Colin Kaepernick last played NFL football on January 1, 2017. More than three years later, he has received no offers from any NFL teams. More than three years later, he has received no invitation to work out for any NFL teams.
Other than a visit to (not a workout with) the Seahawks in 2018, Kaepernick has been ignored by the NFL’s 32 teams for three full seasons.
Now that the NFL possibly has seen the light when it comes to the reasons for Kaepernick’s anthem protests and the decision to blackball him, ostensibly for business reasons, the question becomes whether Kaepernick’s name will be moved back into the column of men who will be contacted for potential workouts and/or contracts as part of the never ending roster churn that happens for every NFL team.
Since he became a free agent in March of 2017, Kaepernick has been excluded from that column. Some coaches and/or executives, whispering into the ears of reporters happy to have the scoop, fashioned false narratives to clumsily justify Kaepernick’s removal from consideration for a starting job, a backup job, anything.
Now that more than three years have passed since Kaepernick played in the NFL, the best argument for keeping him out of the NFL becomes that he hasn’t played in the NFL in more than three years. But that’s not his fault; he didn’t excommunicate himself.
So the challenge moving forward for a coach, a G.M., and ultimately an owner will be to set aside the fact that Kaepernick hasn’t played since January 1, 2017 and to give him fair consideration for a spot on the depth chart. Once teams are able to conduct business on a normal (or somewhat normal) basis, they’ll be realizing that some players on the preseason roster aren’t good enough to make it to the regular-season roster. They’ll be confronting the realities of injuries or, possibly, COVID-19 infections. Inevitably, they’ll be working out players at every position.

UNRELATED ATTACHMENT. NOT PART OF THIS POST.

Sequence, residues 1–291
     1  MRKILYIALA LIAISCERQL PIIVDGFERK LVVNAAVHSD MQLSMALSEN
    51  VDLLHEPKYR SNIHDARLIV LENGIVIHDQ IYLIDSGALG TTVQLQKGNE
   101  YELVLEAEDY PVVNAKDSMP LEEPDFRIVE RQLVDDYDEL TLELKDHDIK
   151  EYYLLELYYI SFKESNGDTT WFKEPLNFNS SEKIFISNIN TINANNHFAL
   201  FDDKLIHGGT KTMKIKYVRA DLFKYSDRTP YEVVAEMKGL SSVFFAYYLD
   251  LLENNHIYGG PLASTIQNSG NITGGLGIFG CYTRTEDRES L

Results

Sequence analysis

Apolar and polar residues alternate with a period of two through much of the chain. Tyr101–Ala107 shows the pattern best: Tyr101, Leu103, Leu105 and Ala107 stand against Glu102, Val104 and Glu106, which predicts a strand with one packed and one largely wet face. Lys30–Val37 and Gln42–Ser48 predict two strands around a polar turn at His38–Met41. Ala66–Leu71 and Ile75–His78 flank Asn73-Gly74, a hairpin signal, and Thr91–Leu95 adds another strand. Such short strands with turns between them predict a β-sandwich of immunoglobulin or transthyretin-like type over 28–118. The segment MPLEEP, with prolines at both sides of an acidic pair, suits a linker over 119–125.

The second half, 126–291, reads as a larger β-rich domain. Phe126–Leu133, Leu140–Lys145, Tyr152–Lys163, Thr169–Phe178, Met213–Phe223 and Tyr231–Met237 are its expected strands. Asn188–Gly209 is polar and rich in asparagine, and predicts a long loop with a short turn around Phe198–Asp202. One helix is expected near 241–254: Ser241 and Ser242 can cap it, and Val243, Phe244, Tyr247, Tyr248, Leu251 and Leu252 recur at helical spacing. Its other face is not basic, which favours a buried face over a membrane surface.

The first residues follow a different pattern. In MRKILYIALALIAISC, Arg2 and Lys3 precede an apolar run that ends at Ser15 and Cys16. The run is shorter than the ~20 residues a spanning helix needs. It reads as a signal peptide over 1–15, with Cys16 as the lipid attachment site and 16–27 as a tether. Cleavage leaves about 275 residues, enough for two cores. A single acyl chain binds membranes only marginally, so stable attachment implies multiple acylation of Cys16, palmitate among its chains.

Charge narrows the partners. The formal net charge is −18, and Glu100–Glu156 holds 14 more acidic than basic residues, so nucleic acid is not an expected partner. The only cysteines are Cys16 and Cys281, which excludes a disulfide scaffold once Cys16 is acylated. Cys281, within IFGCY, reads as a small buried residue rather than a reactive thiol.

After three-plus years of a Schrutian cold shoulder, will Kaepernick be unshunned? Will he get a free and fair chance to show what he can do?
The team that considers Kaepernick first will have to be willing to absorb criticism from those who hate Kaepernick. Then, if the team genuinely concludes that Kaepernick isn’t good enough to be signed (or that he’s not good enough to migrate from the 90-man roster to the 53-man roster), it will have to be willing to absorb criticism from those who support Kaepernick.
In this moment, hopefully at least one team will have the courage and fortitude to take flak from one or both camps. At a time when the key word sweeping the nation, and the world, is equality, Kaepernick deserves something he hasn’t received in more than three years: An equal shot.
To get an equal shot, at least one owner will have to not care about the consequences of doing the right thing. Many people worth far less money than the average NFL owner are currently making decisions and taking action without regard to consequences. If the NFL wants to convert Commissioner Roger Goodell’s Friday night words into meaningful and tangible change, the first step will be to to stop treating Kaepernick like a pariah and to subject him to the same merit-based assessments that happen all the time in the NFL, with players being hired and fired and hired and fired and at all times evaluated based solely on what they can do to help a team win.
From Kaepernick’s perspective, it won’t be easy. He’ll have to find a way to set aside his inherent (and justified) mistrust of the league. And given the fact that he hasn’t played for so long, he’ll have to take whatever he can get financially, at least until he re-establishes himself.
Regardless, the image of Kaepernick in an NFL uniform again (whether he actually plays or not) would be powerful, and helpful, at this unique and fragile time in American history. He should get the opportunity to wear a uniform only if his current talents truly merit it, but it’s likely when considering some of the names already on NFL rosters that he could roll out of bed on any given day and be more talented and accomplished than plenty of them.